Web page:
Tuesday, January 15, 2013
12 Days of Book Lists, #12
No, the title to your left is not a comment on our having reached the end of this series of blog posts. Rather, all of this talk about books that go well together has, coincidentally, brought two things to mind: the indelible combination of sweet potato fries with ketchup and the question of why we should or shouldn't buy books in the first place.
It goes without saying that books currently occupy a peculiar place in our culture. They are just as often these days read as written with a screenplay and target audience in mind. At Common Good Books, and independent bookstores around the world, our goal, at least in part, is to promote books that might otherwise not make it to the silver screen, er, a reader's hands, rather. Books with characters and character alike; books with fewer readers in their corner than a wanted ad for janitors at Chuck E. Cheese. Not because their bathroom walls are covered in six kinds of pop and flu virus, but because they're often just as hard to see as that sheen of grease and hand sweat emanating from the ball pit.
As it happens, most independent bookstores are not also owned by giant conglomerates and franchised out from state to state. Some--"Dollar Books Y'all," for instance--but not many. On the contrary, independents, like ours, occupy a feel-good spot in the much heralded land of Local Businesses; a land of wooden toys and caramels, craft beer and red shoelaces, letterpress cards with a maximum of four notoriously insincere words and scarves handmade, ironically, in Guinea. Oh, and pork belly, which at this point is tantamount to ordering a helping of world peace and better public schools. Yes, the general consensus among drinkers of Mexican Coke is that such businesses imbibe their communities with a shared sense of responsibility and respect, in the form of dollars. Shopping local makes "cents," you might say, and no doubt see safety-pinned to the back of every third bicyclist's trailer for dogs. But just how ethical can something like shopping be?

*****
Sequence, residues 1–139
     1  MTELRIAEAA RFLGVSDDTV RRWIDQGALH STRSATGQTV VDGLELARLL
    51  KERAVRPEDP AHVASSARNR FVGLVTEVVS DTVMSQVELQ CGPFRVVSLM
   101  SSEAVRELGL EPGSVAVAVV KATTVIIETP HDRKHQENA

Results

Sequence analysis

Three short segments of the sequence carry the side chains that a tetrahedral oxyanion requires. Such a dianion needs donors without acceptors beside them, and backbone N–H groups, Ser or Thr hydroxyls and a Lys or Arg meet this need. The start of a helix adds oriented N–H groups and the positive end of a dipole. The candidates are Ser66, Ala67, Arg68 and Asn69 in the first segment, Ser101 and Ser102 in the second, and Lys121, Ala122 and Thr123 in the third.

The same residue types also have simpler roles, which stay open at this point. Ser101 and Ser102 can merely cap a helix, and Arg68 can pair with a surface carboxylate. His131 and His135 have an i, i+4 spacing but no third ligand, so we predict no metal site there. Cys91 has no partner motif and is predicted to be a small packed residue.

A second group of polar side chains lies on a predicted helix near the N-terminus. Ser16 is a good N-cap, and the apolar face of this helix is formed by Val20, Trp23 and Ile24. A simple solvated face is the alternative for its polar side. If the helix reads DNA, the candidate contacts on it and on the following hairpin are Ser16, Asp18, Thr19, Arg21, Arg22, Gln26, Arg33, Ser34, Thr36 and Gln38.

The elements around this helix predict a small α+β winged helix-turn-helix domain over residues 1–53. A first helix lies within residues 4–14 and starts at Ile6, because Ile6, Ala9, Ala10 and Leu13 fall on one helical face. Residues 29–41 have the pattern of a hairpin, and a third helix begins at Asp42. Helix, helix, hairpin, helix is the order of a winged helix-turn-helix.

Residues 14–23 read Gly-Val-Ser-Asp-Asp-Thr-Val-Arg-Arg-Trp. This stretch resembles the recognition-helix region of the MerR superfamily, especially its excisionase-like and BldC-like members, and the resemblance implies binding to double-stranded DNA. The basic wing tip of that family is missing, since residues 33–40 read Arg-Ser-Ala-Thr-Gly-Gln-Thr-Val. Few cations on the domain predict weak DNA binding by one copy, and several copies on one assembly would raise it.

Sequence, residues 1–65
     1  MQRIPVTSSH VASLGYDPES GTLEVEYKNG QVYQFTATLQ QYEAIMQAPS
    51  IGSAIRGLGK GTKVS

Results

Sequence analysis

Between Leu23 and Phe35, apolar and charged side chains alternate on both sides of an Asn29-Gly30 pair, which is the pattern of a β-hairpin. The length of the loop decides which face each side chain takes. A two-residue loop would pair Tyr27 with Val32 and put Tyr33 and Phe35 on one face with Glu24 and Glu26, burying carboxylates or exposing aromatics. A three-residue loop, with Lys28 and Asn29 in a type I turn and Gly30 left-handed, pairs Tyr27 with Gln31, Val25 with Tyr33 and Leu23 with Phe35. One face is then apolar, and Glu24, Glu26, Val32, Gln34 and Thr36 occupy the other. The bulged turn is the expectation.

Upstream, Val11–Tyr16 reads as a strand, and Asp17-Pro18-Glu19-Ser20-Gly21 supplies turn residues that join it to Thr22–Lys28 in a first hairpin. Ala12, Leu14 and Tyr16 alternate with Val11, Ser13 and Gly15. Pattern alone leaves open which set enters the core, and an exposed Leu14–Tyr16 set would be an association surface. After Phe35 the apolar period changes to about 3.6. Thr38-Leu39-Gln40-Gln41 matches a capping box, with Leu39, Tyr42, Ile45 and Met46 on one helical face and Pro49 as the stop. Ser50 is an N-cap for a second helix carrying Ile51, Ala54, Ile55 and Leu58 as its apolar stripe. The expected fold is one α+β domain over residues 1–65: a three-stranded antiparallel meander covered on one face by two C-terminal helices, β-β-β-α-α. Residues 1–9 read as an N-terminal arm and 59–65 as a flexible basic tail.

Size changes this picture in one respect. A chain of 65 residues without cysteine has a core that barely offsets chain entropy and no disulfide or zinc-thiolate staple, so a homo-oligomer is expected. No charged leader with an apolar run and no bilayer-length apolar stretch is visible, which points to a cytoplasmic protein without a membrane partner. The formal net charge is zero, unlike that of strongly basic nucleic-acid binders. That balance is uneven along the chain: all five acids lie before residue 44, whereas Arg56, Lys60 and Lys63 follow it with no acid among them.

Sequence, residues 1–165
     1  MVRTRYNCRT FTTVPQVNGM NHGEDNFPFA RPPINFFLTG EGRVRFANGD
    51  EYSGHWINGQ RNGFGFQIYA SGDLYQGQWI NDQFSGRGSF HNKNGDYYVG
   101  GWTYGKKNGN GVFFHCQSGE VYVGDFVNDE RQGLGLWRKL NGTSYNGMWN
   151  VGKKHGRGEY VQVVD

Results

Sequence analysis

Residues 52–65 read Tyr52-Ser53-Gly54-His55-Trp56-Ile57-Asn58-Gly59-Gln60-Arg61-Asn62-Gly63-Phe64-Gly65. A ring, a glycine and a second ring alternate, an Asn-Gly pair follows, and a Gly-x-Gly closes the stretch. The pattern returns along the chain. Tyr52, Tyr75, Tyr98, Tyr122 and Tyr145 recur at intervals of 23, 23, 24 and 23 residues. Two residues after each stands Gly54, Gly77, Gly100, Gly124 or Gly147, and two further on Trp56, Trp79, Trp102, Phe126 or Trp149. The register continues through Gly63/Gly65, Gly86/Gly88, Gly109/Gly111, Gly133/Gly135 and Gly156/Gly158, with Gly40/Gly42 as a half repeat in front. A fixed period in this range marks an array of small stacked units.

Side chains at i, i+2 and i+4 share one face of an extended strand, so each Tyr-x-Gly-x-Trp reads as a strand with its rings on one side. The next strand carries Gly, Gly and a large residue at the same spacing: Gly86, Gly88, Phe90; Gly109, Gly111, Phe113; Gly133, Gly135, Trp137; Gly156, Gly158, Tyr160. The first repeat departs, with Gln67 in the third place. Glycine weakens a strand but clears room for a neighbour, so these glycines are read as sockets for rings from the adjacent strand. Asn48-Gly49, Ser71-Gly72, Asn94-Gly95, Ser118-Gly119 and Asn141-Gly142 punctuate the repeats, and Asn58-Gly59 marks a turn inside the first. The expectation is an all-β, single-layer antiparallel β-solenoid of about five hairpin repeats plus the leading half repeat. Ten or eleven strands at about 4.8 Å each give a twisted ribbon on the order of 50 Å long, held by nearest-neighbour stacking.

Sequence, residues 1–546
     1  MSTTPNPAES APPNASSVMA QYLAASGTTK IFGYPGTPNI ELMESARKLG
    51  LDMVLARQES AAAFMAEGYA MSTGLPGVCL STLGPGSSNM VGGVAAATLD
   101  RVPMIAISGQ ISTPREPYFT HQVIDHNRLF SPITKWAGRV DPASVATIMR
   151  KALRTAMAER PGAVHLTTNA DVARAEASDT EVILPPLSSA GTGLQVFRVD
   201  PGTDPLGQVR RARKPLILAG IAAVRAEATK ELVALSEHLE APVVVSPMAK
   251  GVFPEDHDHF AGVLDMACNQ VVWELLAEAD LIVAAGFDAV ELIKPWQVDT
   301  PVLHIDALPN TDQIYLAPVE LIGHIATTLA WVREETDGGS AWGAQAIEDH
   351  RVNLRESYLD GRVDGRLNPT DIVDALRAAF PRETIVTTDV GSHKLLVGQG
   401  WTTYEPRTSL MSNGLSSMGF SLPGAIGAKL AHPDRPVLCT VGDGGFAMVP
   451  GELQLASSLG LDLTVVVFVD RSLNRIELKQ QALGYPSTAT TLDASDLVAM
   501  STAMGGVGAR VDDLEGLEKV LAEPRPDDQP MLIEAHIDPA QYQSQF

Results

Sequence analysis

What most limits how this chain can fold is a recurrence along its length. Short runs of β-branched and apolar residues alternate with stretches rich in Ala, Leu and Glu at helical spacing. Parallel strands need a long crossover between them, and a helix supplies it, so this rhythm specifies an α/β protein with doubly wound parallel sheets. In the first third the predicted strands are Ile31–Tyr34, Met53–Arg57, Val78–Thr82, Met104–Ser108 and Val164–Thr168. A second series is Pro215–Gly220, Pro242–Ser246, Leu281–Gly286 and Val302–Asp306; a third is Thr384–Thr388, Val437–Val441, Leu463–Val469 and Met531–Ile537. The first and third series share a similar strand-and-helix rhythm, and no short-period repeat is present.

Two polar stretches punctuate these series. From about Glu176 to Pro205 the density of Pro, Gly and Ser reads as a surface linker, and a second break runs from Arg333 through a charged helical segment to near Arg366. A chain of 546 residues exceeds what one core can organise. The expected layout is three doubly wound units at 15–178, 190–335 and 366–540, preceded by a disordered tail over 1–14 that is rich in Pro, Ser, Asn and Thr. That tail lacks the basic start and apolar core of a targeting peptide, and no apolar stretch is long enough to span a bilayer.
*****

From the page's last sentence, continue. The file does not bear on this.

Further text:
In Shopping for Good, Dara O'Rourke and eight other experts in the field of Activism for White People on Facebook ponder and posit answers to that question as well as more perfunctory matters, such as appropriate and ethical responses to situations in which one forgets one's reusable bag (i.e., Steal Bag/Food vs. Don't). On a slightly larger scale, How Much is Enough? argues that money and stuff and, yes, even pork belly, are counter-productive to our local economies of well-being, but fantastic for our ability to pick up chicks at bars. Both books aim to focus on the myriad ways that capitalism complicates and/or ruins our lives, and both agree community lies at the heart of happiness like two trains of thought from different coasts chugging toward St. Paul in a soon-to-be burst of magnanimous joy. It's a lovely thought. Sort of. Which is why I'm reluctant, but must, I'm afraid, dispense with the last book on our list.